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In Case You Missed It

What You Need to Know to Raise Creative, Curious, Caring and Confident Children

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Creative
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Caring
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In Case You Missed It

The Ew Factor

Why You Should Drop the 5-Second Rule Immediately

Think that banana is safe for your baby to eat because you scooped it off the floor so quickly? Just toss it. Contamination takes less than one second, according to Rutgers University scientists, whose latest study is the ultimate reality check for sloppy eaters, servers, and, of course, you know who, too).

In a series of experiments, Rutgers researchers used four different types of food (watermelon, dry bread, buttered bread, and gummy candies) and four different types of flooring (stainless steel, ceramic tile, wood, and carpet) to evaluate bacteria growth on edibles at 1, 5, 30, and 300 seconds.

All in all, they gathered more than 2,500 measurements.

Turns out that the 5-second rule is a “significant oversimplification” of the floor-to-food transmission, researchers said, adding that bacteria can contaminate food “instantaneously.” The wetter the food, and the longer the food stayed on the floor, the more bacteria it collected.

Based on these findings, you may want to ditch the old rule and try this one: if food goes from the counter to the floor, it goes in the garbage.

Science Alert

 

Game vs. Game

To Hike STEM Skills, Give Kids Blocks to Play With

Here’s something to think about: structured block-building games may boost kids’ spatial abilities more than board games and other activities, according to a new study in the journal Frontiers in Psychology.

The study is the first to use brain scans to track the effects of block-building games on kids’ brain activity, said Sharlene Newman, professor at the College of Arts and Sciences’ Department of Psychological and Brain Sciences at the University of Indiana.

In the experiment, researchers looked at the impact of a structured block-building game and a word-spelling board game on the spatial processing in 28 eight-year-old children. Spatial processing involves visualizing in the mind what an object will look like after it is rotated.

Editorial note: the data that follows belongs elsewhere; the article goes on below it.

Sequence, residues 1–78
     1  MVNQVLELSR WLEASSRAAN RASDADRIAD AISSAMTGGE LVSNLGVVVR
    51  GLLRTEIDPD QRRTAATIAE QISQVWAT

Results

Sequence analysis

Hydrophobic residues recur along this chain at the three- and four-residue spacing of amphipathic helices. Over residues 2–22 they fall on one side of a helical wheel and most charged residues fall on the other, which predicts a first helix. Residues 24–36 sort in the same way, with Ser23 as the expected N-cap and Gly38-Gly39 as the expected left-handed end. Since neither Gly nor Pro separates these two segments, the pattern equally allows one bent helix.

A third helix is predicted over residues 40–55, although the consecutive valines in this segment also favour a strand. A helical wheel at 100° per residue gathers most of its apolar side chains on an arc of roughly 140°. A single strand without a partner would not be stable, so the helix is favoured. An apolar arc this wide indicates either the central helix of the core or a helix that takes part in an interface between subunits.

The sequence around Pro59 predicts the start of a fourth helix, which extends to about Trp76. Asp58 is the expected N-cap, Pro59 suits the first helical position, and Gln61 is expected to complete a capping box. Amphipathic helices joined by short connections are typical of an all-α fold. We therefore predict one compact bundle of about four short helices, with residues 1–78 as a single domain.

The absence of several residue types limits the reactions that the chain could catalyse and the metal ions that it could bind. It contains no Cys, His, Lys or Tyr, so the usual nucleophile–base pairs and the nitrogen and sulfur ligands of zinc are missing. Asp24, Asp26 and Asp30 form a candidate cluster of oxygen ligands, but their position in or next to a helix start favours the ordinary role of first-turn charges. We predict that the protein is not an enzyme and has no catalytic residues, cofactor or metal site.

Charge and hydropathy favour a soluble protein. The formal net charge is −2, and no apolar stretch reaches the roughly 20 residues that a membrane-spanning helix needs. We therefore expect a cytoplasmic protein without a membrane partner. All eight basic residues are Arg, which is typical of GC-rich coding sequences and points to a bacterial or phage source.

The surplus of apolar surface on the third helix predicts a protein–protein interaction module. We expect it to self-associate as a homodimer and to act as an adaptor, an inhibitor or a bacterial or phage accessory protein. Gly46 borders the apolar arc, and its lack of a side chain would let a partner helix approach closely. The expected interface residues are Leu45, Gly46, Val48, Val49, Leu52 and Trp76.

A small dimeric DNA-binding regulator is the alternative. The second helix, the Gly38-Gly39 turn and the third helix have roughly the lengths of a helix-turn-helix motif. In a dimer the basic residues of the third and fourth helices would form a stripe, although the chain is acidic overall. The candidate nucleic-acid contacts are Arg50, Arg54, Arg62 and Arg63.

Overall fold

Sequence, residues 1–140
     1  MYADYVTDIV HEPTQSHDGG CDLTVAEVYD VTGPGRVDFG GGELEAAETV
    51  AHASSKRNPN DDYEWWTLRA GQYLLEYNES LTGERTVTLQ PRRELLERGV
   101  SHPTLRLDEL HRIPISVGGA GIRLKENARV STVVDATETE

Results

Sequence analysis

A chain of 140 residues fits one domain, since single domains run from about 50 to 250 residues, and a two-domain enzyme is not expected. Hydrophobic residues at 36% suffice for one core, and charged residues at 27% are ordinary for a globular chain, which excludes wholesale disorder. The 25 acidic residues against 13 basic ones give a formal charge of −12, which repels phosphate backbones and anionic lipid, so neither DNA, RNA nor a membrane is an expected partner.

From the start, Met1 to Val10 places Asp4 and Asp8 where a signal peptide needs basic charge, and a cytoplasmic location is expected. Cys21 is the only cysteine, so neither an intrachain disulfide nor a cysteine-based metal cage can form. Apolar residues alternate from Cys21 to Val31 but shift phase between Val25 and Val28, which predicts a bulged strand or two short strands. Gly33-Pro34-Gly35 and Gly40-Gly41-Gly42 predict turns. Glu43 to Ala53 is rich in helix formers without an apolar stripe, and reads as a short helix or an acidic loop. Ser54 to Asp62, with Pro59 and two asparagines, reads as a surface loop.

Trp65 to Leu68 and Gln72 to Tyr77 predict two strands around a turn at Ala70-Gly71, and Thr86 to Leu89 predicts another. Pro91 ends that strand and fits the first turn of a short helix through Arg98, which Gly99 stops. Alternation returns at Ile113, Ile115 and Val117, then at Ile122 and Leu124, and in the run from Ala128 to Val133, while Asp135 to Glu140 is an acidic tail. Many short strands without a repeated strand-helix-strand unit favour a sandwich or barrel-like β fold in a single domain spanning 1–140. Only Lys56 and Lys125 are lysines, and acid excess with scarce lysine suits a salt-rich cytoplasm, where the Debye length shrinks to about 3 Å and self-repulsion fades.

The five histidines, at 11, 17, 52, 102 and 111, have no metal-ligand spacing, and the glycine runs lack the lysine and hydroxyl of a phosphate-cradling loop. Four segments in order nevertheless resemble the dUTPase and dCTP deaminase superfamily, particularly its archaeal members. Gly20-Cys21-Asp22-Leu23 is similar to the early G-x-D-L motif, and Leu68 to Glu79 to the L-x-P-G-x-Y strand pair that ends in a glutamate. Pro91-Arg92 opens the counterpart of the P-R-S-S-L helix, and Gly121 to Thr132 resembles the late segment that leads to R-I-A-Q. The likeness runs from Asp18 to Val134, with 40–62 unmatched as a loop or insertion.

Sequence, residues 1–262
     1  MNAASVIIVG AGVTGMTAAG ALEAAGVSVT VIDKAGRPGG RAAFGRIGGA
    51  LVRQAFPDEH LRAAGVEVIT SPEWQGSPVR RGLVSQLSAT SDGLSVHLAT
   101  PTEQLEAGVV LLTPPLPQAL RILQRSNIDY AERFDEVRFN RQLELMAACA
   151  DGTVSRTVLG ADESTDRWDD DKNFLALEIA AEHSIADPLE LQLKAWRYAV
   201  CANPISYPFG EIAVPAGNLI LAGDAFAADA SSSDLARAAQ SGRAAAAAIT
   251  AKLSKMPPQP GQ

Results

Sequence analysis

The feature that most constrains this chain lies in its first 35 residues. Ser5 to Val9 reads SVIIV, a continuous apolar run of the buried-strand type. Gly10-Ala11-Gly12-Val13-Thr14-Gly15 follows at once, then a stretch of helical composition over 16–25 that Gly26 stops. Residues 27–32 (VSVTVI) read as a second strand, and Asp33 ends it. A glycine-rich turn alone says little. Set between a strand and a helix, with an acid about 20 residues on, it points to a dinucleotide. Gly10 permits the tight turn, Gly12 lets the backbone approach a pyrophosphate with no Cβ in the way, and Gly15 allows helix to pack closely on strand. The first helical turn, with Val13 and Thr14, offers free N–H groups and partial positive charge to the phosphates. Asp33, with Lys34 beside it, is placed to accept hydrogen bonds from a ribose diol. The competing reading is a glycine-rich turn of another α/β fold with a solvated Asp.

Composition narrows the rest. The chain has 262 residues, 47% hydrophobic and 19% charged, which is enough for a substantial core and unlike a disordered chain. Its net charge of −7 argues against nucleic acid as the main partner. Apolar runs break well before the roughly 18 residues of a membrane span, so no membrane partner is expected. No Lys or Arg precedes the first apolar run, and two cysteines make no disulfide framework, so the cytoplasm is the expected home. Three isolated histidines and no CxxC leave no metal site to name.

We know. At the moment you are probably asking yourself: And I care about this, why?

Well, research elsewhere suggests spatial thinking is a key predictor of success in fields such as science, technology, engineering, and math—hot careers of the 21st century.

"Block play changed brain activation patterns," Newman said.

“It changed the way the children were solving the mental rotation problems; we saw increased activation in regions that have been linked to spatial processing only in the building blocks group,” she added. Researchers used two games to conduct the experiment: Blocks Rock! and Scrabble.

University of Indiana

 

Timing Is Everything

Good News About Video Games (If Your Kids Spend an Hour a Week or Less Playing Them)

Research recently published in the Annals of Neurology suggests playing video games for about an hour a week may provide kids with benefits, but more time playing video games may be detrimental. 

Investigators at the Hospital del Mar in Spain said that in a study involving more than 2,400 seven- to eleven-year-old children, playing video games for about an hour a week was associated with better motor skills and greater school achievement scores in the study children, but those gains were not seen in kids who spent more than two hours a week playing video games.

Gaming for nine hours a week or more was associated with problems involving conduct, peer relations, and social abilities. Researchers said there is nothing inherently good—or bad—about video games. The issue seems to be how much time your kids spend playing them.

Medical News Today

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